Lagos returns to normalcy with gridlock, market reopening
Wednesday was Day Three into the gradual ease of the lockdown announced by President Muhammadu Buhari, but the gridlock encountered in all arteries of Lagos State was a return to the normal Lagos.
All major routes, Lagos-Abeokuta expressway, Gbagada-Oshodi-Apapa expressway, Third Mainland Bridge, Lekki Ajah expressway, Ojodu to Berger, Lagos-Badagry expressway and other inner-city routes were locked down for many hours.
Motorists from Sango Ota and Iyana Ipaja moving towards Oshodi spent hours to get to Oshodi. Even attempts to ply alternative routes were unsuccessful as the inner-city roads were also locked down.
A civil servant, Michael Ajayi, blamed the horrendous traffic on the limited time allowed to work during the gradual ease of the lockdown. “Lagos is a commercial city that almost runs on a 24-hour economy but now everyone has been constrained to the less than six hours allowed to work and we all are on the road at the same time to make the best of the limited time and return home before the curfew catches up with one at 8:00p.m.”
Another road user, Emeka Uzor, said the staggered market days, which is Monday, Wednesday and Friday for non-food items could have compounded the traffic situation. “More people came out today than on Monday because they were still watching what would happen. So, most traders trooped out for business today. Even Aswani market, which opens only on Tuesdays was shifted to Wednesday because of the government directive.”
The state capital, Ikeja, was not spared of the logjam. It was hectic driving through Awolowo and Governor’s Roads in Alausa as checkpoints mounted by security officers to enforce the order of Governor Babajide Sanwo-Olu led to long rolls of cars waiting to be cleared.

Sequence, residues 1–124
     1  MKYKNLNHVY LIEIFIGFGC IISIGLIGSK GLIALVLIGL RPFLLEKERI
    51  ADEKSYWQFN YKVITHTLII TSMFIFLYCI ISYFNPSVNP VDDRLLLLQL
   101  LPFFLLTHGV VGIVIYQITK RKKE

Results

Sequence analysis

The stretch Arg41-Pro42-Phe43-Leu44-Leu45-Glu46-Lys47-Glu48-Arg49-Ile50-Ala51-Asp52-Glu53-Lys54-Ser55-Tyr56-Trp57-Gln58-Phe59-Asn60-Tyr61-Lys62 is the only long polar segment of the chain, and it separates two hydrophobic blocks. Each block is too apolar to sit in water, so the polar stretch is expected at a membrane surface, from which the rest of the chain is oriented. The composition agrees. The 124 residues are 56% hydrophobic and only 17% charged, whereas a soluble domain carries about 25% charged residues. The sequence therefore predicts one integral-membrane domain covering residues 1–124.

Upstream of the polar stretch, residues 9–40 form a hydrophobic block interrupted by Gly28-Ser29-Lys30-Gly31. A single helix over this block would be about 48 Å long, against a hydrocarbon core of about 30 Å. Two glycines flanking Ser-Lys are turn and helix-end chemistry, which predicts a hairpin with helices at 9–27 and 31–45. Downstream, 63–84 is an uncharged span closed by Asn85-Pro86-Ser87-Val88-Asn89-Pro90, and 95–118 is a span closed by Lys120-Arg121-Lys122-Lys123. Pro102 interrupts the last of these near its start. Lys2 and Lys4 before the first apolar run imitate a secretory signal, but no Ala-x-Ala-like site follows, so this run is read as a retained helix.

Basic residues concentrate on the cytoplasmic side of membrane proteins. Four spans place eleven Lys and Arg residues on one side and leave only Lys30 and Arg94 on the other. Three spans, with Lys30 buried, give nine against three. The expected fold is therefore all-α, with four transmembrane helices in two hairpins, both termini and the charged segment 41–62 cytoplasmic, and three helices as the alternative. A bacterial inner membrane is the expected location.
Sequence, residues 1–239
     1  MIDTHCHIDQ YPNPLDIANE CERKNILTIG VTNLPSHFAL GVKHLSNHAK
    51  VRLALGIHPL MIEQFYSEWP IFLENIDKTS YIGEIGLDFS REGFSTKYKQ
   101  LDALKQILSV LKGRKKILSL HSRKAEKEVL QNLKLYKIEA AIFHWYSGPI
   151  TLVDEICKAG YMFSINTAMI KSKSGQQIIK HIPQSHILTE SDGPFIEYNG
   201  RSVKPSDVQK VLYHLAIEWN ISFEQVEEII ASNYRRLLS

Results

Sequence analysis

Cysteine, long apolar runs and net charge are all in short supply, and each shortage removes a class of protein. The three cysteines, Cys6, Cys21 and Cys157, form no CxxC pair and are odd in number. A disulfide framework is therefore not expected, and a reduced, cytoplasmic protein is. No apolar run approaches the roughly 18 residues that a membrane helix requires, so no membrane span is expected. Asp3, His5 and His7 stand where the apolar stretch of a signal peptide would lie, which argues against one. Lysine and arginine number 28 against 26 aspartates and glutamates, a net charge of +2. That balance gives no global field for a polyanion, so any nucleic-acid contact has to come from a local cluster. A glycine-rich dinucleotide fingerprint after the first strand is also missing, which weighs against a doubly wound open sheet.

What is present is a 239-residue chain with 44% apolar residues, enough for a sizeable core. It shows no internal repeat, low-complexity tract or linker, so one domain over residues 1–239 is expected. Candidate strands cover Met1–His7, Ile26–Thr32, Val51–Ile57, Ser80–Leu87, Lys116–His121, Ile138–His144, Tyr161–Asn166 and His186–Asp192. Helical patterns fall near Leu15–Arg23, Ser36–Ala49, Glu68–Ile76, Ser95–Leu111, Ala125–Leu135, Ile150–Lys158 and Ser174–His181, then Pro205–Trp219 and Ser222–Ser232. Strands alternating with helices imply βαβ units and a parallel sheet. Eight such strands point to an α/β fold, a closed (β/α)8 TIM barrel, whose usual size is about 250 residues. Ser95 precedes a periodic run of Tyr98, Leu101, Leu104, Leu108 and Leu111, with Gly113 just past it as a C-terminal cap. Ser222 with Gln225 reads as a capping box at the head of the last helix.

This led to a spillover from the Lagos State Secretariat gate to as far as Shoprite. It also led to obstructing other road users, with some chaotic traffic along the corridor.
A motorist, Segun Johnson, wondered why the checkpoint to verify civil servant going into the secretariat would disturb other road users. “This does not show leadership on the part of the person or persons in charge. I hope they will be called to order and deploy a better strategy not to have a repeat tomorrow. This is not fair to other road users. I spent over 30 minutes to drive through for a journey that should take less than five minutes,” Johnson said.
More befuddling beyond the traffic, now a regular trademark of Lagos, was the utter abandonment in most locations for the safety guidelines and physical distancing protocols recommended by the federal and state government to flatten the curve of the coronavirus pandemic.
At the markets, bus stops, banks and commuter buses, it was a gathering of people. Even those who managed to use the facemasks were wearing it improperly as it didn’t cover the noses and mouths.
An exasperated motorist, Solomon Akinbayo, said: “The traffic in Lagos today was crazy. Lagos is fully back from the lockdown. Sadly, social and physical distancing is dead and buried. Fellow Lagosians, may your immune system not give up on you.”
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